Light rail: 3 min
Bus: 3 min
|Vwt||Weight applied to any waiting time, reflecting the perceived cost of waiting compared to travelling, and a dislike of waiting for infrequent services.||2.6 from WEBTAG |
|D||Distance travelled (km) traversing the least cost path from origin to destination, and is equivalent to dn (Figure 2).||Computed from network analysis.|
|VOC||Vehicle Operating Cost is the sum of both fuel, VOCf, and non-fuel, VOCnf, costs (which capture maintenance and depreciation costs).||Fuel costs,|
where Fm is a vector of the vehicle mix and their fuel efficiency and Fp is a vector of fuel prices.
Non-fuel operating costs can be computed by the following:
where V = average velocity in km/h; a1 = 4.069; b1 = 111.391.
|VOT||Value of Time.||1 hour = £5.04 from WEBTAG |
|occ||Average number of occupants in a private vehicle.||1.16 people per vehicle |
|PC||Other private transport costs. Information on parking costs and policies was incomplete for London so have not been included in this analysis. However, the London Congestion Charge, levied on vehicles entering the center of the city, has been included.||Congestion Charge of £8 (2008 charge) levied on each journey into the charging zone. 90% discount for residents of the zone travelling out for work .|
|F||The fare paid for a given origin-destination route varies according to the time of day and whether the individual has a season ticket, travel card, or uses an “Oyster Card”. An average rail and light rail cost is reported in the London Travel Report (TfL, 2006). Flat bus fares £2, or £1 with an “Oyster Card”. However, 85% of journeys (TfL, 2007) use an Oyster Card so this was used for all journeys in this analysis.||Heavy and light rail: £0.18/km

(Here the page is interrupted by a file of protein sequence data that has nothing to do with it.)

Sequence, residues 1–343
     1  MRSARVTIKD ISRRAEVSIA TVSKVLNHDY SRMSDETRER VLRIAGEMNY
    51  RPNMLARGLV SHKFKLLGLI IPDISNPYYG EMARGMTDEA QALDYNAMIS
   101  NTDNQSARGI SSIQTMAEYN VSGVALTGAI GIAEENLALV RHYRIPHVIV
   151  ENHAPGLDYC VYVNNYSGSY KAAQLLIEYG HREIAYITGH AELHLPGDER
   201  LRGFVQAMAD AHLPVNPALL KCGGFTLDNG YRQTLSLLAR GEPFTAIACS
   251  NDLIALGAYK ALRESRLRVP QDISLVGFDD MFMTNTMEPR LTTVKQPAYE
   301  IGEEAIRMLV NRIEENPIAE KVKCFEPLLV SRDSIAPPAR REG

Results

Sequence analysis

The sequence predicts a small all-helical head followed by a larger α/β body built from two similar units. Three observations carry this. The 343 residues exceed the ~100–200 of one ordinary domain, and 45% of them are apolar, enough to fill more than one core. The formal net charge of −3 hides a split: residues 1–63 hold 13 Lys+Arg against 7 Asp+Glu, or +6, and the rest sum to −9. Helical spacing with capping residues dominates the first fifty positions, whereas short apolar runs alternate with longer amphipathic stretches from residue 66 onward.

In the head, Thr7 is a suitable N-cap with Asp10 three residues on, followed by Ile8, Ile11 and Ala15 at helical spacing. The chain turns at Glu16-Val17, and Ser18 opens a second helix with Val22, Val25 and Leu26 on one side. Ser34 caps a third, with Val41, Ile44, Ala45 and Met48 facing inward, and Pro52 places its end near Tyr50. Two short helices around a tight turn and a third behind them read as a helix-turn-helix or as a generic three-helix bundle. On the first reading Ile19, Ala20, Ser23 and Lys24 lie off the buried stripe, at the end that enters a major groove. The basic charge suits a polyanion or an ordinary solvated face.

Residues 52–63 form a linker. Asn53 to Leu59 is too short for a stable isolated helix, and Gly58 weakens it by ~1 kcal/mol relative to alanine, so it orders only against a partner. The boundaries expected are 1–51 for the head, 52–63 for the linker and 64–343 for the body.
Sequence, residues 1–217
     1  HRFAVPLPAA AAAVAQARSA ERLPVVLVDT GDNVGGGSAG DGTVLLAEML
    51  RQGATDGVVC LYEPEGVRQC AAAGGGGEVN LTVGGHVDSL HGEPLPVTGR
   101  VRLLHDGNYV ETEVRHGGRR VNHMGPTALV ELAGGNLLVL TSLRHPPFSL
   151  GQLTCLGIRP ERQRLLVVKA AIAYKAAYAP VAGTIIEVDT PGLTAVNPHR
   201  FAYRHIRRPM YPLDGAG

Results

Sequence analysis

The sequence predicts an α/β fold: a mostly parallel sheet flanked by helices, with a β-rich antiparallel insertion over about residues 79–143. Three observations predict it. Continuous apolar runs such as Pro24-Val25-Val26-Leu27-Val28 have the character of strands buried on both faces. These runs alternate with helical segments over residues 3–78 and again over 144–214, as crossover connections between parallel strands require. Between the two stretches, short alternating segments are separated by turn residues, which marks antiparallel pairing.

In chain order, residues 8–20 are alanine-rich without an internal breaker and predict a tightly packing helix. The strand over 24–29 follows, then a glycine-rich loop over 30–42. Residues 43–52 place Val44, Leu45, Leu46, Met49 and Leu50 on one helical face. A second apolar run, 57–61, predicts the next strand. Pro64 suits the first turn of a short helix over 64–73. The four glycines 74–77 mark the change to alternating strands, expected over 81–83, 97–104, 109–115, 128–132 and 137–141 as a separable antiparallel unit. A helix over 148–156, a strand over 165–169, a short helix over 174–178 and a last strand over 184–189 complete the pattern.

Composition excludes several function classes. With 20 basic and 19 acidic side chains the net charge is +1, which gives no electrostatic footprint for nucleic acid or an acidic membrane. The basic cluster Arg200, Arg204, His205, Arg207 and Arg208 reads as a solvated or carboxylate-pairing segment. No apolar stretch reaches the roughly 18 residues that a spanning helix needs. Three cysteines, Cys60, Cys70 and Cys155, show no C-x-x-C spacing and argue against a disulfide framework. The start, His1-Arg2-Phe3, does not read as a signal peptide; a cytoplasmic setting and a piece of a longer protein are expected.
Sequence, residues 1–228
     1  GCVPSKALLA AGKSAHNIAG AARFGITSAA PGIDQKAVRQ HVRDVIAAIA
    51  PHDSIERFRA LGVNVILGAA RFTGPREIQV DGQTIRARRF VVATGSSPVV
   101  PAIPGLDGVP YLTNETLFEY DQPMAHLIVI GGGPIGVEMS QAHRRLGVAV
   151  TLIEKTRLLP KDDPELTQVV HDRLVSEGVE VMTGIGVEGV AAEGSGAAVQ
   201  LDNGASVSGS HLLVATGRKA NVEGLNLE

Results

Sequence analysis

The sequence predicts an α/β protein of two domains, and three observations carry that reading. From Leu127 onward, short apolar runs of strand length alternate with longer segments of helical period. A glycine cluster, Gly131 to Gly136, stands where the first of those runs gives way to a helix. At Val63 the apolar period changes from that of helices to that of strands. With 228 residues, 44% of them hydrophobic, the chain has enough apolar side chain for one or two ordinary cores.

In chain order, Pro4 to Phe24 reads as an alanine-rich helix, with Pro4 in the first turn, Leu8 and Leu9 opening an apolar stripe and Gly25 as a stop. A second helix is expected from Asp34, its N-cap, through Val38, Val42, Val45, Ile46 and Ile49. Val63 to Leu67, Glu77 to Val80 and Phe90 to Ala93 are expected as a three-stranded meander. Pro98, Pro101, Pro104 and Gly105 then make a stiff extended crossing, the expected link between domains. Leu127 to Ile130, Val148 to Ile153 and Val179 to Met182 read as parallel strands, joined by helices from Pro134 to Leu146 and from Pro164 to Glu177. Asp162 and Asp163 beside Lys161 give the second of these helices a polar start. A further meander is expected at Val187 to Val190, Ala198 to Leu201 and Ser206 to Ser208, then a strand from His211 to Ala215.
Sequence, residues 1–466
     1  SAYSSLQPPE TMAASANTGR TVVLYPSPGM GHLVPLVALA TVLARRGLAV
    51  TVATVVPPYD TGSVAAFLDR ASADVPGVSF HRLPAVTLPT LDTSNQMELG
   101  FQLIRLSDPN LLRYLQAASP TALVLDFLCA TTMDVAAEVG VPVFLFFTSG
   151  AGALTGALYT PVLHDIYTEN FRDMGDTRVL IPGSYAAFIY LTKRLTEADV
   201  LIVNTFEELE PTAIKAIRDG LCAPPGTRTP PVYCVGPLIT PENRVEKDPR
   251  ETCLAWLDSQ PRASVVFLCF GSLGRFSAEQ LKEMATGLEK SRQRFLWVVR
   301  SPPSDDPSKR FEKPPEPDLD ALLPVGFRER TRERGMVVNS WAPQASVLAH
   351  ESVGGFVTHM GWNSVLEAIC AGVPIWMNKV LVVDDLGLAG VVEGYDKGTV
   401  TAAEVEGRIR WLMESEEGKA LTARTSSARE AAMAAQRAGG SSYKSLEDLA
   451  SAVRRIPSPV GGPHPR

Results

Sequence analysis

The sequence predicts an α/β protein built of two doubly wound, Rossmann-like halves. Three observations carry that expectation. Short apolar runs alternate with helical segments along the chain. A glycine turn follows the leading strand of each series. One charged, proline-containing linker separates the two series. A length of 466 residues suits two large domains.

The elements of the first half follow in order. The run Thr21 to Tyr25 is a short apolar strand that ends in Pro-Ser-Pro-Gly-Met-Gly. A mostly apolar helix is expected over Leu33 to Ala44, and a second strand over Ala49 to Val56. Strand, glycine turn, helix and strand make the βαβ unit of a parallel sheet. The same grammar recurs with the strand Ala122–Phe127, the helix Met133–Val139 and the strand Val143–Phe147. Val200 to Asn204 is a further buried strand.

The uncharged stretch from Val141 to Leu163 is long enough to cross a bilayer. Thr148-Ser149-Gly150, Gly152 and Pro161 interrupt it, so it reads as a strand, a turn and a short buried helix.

Bus: £1 flat fare
|VTopo||It is assumed that cycling journeys incur a lower cost on flatter terrain than on more undulating terrain. In this paper, a modified version of Naismith’s Rule is used, where each unit of vertical change adds 1/8th of a unit of horizontal distance to the journey.||1/8 * (Zmax − Zmin) for a given road link, where Zmax and Zmin are the maximum and minimum elevations at either end of the link.|
|VSafe||One of the largest disincentives to cycling in urban areas is the issue of safety on the road network (especially in London, where cycling infrastructure is patchy and a number of cyclists are killed every year). A weight is therefore applied based on the class of road being traversed. These are assumed weights but can be simply altered to reflect further research on perceptions of risk.||A-Roads, B-Roads: 1.5 times base travel time
Minor roads: 1.2
Residential streets and pedestrian paths: 1.1
Cycle lanes: 1
Adapted from the methodology employed in the CycleStreet route planner 
4. Results and Discussion of London Accessibility Study
4.1. Testing New Infrastructure Investment
4.2. Accessibility to Employment within London
4.3. Global Accessibility Improvements
|Bus||Light Rail||Rail||Road: With CC||Road: No CC|
|Low investment||9063 (−1.4%)||13,605 (−1.9%)||9575 (−2.0%)||8520 (−0.3%)||5997 (−0.5%)|
|High investment||8285 (−9.9%)||13,325 (−3.9%)||9490 (−2.8%)||8698 (+1.7%)||6176 (−2.5%)|
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Ford, A.C.; Barr, S.L.; Dawson, R.J.; James, P. Transport Accessibility Analysis Using GIS: Assessing Sustainable Transport in London. ISPRS Int. J. Geo-Inf. 2015, 4, 124-149. https://doi.org/10.3390/ijgi4010124
Ford AC, Barr SL, Dawson RJ, James P. Transport Accessibility Analysis Using GIS: Assessing Sustainable Transport in London. ISPRS International Journal of Geo-Information. 2015; 4(1):124-149. https://doi.org/10.3390/ijgi4010124Chicago/Turabian Style
Ford, Alistair C., Stuart L. Barr, Richard J. Dawson, and Philip James. 2015. "Transport Accessibility Analysis Using GIS: Assessing Sustainable Transport in London" ISPRS International Journal of Geo-Information 4, no. 1: 124-149. https://doi.org/10.3390/ijgi4010124